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Chitin mixed in potting soil alters lettuce growth, the survival of zoonotic bacteria on the leaves and associated rhizosphere microbiology
Debode, J.; De Tender, C.; Soltaninejad, S.; Van Malderghem, C.; Haegeman, A.; Van der Linden, I.; Cottyn, B.; Heyndrickx, M.; Maes, M. (2016). Chitin mixed in potting soil alters lettuce growth, the survival of zoonotic bacteria on the leaves and associated rhizosphere microbiology. Front. Microbiol. 7: 15. https://hdl.handle.net/10.3389/fmicb.2016.00565
In: Frontiers in Microbiology. Frontiers Media: Lausanne. ISSN 1664-302X; e-ISSN 1664-302X, meer
Peer reviewed article  

Beschikbaar in  Auteurs 

Trefwoorden
    Escherichia coli Castellani & Chalmers, 1919 [WoRMS]; Salmonella enterica
Author keywords
    amplicon sequencing; chitin; Escherichia coli (EHEC); lettuce;phospholipid fatty acid (PLFA); rhizosphere; Salmonella enterica

Auteurs  Top 
  • Debode, J., meer
  • De Tender, C., meer
  • Soltaninejad, S., meer
  • Van Malderghem, C., meer
  • Haegeman, A., meer
  • Van der Linden, I., meer
  • Cottyn, B., meer
  • Heyndrickx, M., meer
  • Maes, M.

Abstract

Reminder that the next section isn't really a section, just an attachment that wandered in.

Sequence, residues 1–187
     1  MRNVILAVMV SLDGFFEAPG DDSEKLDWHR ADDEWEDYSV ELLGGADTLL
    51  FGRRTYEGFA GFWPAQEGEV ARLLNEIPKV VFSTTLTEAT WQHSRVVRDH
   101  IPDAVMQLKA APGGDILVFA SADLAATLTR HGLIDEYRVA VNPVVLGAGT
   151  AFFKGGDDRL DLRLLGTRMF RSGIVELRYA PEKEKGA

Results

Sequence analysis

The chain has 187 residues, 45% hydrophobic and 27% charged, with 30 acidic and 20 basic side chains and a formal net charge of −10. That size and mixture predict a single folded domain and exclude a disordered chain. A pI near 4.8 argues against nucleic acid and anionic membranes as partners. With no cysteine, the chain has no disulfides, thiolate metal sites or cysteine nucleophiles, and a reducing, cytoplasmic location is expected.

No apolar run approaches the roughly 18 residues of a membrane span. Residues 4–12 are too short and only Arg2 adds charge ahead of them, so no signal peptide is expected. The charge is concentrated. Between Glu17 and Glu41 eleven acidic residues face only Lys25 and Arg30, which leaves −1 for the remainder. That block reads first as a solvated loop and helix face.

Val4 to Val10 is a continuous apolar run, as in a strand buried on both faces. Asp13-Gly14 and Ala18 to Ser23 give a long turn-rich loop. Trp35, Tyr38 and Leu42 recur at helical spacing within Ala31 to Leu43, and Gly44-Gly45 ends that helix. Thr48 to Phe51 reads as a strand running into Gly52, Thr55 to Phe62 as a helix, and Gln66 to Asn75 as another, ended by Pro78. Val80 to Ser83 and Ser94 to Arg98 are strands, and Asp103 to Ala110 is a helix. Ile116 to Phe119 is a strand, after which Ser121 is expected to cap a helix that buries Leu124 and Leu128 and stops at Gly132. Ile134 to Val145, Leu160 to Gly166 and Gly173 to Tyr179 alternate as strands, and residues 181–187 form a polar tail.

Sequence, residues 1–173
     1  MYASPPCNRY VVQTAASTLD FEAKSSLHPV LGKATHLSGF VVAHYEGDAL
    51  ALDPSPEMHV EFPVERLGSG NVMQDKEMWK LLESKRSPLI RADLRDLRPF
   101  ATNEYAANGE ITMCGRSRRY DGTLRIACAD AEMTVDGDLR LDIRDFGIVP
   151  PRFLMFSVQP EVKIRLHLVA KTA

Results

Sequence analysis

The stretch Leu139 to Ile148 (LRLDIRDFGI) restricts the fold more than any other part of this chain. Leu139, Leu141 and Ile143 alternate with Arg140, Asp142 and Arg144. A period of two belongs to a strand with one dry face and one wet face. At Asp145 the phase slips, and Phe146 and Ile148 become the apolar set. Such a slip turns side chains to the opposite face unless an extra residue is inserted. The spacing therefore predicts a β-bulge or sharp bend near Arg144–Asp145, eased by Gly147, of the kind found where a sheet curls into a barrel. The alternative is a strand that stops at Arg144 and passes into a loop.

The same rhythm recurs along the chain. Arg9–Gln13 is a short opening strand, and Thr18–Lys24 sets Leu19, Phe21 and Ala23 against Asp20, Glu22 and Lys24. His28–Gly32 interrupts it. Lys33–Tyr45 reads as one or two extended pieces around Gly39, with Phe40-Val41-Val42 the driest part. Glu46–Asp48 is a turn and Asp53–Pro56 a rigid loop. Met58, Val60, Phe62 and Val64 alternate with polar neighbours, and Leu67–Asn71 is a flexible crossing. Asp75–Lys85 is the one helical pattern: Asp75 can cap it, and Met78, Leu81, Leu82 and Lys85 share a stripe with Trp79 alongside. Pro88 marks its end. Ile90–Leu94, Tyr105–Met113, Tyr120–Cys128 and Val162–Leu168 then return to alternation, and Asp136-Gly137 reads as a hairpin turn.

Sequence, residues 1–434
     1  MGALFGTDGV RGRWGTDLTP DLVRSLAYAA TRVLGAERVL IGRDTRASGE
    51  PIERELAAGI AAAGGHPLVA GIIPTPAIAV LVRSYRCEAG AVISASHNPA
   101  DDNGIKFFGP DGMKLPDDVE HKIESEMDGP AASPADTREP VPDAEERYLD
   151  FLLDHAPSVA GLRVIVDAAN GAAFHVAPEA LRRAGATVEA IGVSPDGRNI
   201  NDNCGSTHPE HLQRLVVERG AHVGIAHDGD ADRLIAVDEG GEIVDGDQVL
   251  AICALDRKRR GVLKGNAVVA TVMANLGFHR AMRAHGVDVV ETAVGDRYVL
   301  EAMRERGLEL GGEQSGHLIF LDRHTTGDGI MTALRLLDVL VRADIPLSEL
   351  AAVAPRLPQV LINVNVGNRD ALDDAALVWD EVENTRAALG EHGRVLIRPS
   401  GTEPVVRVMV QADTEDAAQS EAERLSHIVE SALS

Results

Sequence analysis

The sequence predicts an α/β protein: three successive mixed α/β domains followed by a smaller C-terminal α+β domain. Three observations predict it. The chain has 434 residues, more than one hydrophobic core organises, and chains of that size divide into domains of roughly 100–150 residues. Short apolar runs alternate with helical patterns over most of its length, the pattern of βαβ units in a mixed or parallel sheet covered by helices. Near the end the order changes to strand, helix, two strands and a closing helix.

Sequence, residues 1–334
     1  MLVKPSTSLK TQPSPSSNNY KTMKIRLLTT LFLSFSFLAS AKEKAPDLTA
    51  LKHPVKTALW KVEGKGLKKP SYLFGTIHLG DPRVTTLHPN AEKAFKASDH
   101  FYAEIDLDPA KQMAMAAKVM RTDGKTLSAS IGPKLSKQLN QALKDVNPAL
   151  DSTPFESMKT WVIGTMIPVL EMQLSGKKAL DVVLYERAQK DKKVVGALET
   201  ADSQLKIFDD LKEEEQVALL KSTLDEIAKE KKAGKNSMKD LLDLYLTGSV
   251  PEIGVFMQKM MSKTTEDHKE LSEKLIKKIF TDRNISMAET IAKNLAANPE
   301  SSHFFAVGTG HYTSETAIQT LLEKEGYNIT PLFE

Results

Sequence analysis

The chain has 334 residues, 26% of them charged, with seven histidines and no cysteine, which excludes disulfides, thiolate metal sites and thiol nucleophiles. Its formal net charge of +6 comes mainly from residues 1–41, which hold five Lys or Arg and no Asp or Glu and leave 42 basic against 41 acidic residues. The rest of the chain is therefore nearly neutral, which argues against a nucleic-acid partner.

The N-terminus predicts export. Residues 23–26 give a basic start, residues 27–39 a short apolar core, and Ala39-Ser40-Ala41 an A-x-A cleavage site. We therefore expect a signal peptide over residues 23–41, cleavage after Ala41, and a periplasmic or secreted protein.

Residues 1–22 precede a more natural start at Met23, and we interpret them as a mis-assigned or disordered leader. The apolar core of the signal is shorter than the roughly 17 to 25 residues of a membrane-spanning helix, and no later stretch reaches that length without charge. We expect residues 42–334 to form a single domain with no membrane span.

Chitin is a promising soil amendment for improving soil quality, plant growth, and plant resilience. The objectives of this study were twofold. First, to study the effect of chitin mixed in potting soil on lettuce growth and on the survival of two zoonotic bacterial pathogens, Escherichia coli O157:H7 and Salmonella enterica on the lettuce leaves. Second, to assess the related changes in the microbial lettuce rhizosphere, using phospholipid fatty acid (PLFA) analysis and amplicon sequencing of a bacterial 16S rRNA gene fragment and the fungal ITS2. As a result of chitin addition, lettuce fresh yield weight was significantly increased. S. enterica survival in the lettuce phyllosphere was significantly reduced. The E. coli O157:H7 survival was also lowered, but not significantly. Moreover, significant changes were observed in the bacterial and fungal community of the lettuce rhizosphere. PLFA analysis showed a significant increase in fungal and bacterial biomass. Amplicon sequencing showed no increase in fungal and bacterial biodiversity, but relative abundances of the bacterial phyla Acidobacteria, Verrucomicrobia, Actinobacteria, Bacteroidetes, and Proteobacteria and the fungal phyla Ascomycota, Basidiomycota, and Zygomycota were significantly changed. More specifically, a more than 10-fold increase was observed for operational taxonomic units belonging to the bacterial genera Cellvibrio, Pedobacter, Dyadobacter, and Streptomyces and to the fungal genera Lecanicillium and Mortierella. These genera include several species previously reported to be involved in biocontrol, plant growth promotion, the nitrogen cycle and chitin degradation. These results enhance the understanding of the response of the rhizosphere microbiome to chitin amendment. Moreover, this is the first study to investigate the use of soil amendments to control the survival of S. enterica on plant leaves.

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